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Involuntary outpatient commitment requires the mandatory treatment of individuals with mental illness who meet certain criterion, such as danger to self or others. An individual may be placed directly into outpatient treatment with a court order or after the patient has already been placed in an inpatient treatment facility (more commonly referred to as conditional release). This dataset explores state laws and regulations that govern who can initiate the outpatient commitment process, the duration of commitment, whether the patient can refuse medication, what consequences exist for non-compliance, and whether outpatient commitment sets limits on the patient’s right to possess a firearm.

This map identifies and displays key features of such laws across all 50 states and the District of Columbia, and over time, from January 1, 2000 to March 1, 2016.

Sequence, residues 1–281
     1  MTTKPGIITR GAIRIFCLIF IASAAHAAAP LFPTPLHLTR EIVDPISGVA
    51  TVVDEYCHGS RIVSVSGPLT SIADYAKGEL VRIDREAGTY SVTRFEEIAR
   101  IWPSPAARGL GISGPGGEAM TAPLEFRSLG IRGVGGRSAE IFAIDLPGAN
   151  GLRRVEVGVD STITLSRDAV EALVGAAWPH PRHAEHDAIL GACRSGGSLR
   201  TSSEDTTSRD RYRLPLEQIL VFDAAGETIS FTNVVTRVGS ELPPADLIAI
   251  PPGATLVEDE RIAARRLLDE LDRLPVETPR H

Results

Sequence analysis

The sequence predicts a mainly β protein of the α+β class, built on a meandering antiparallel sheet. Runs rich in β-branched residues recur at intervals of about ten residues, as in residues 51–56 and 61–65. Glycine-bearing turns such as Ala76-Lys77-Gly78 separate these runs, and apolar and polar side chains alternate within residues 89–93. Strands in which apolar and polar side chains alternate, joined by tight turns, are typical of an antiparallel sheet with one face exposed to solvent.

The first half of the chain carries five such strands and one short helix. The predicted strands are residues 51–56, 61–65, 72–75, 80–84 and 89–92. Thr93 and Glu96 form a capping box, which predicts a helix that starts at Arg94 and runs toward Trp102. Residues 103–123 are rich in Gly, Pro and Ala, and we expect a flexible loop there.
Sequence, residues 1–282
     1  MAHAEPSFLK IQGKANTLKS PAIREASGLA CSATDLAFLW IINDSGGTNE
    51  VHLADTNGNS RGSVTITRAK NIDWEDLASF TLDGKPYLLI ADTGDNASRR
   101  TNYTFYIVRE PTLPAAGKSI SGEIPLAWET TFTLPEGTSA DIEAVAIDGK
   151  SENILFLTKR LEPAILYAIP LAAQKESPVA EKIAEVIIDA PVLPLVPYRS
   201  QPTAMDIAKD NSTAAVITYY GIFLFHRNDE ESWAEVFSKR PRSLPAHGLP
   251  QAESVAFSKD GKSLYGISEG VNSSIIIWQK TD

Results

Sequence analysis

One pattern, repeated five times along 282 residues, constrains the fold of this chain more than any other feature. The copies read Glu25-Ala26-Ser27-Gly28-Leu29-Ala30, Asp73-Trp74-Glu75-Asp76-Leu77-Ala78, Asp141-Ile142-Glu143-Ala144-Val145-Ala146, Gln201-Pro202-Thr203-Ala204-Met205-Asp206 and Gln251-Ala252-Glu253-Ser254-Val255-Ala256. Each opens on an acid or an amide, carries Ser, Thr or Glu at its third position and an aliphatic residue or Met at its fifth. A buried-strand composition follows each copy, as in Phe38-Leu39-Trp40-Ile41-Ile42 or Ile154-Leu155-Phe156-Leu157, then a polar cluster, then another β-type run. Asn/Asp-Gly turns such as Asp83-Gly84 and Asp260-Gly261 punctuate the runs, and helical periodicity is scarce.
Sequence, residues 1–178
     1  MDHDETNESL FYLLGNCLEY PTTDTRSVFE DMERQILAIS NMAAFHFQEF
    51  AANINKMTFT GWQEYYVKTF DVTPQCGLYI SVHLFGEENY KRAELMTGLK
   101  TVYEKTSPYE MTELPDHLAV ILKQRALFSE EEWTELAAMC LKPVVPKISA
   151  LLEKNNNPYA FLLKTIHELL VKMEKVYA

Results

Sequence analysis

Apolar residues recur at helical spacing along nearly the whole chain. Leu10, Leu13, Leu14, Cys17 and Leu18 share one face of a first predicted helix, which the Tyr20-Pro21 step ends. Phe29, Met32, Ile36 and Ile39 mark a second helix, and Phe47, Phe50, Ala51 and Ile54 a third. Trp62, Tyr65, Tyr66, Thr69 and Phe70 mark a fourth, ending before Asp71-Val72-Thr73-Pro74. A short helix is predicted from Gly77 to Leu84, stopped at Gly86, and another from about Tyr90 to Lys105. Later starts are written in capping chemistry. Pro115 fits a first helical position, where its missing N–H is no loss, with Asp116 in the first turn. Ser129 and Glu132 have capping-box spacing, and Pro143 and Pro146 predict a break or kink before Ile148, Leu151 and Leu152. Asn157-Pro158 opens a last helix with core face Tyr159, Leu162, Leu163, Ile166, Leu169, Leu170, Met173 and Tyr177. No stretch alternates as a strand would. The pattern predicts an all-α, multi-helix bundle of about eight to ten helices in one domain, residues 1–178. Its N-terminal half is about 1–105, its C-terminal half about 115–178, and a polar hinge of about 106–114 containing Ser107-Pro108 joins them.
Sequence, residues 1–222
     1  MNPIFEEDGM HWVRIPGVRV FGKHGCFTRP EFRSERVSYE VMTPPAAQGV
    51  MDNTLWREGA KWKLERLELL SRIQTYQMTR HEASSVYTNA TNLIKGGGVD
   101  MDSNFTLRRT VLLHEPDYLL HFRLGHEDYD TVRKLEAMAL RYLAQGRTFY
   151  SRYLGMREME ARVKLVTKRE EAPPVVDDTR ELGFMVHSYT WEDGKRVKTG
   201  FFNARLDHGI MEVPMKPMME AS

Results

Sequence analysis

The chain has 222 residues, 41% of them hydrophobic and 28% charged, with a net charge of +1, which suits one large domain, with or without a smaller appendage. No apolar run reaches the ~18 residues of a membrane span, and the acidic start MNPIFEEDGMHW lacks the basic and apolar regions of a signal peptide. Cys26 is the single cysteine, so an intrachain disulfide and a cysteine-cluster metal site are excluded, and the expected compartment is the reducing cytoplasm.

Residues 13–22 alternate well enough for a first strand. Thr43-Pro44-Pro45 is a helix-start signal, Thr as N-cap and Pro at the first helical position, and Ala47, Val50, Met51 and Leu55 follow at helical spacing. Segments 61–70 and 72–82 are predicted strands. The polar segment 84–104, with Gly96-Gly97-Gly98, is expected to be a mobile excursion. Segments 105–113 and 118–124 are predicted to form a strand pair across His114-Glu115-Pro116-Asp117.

Related Resources

Judge David L. Bazelon Center for Mental Health
Involuntary Outpatient Commitment: Summary of State Statutes.
National Coalition for Mental Health Recovery
Involuntary Commitment Myths and Facts.
Treatment Advocacy Center
Assisted Outpatient Treatment Laws.

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Did you know?

In 22 states and the District of Columbia, patients have the right to refuse medication once in outpatient treatment.


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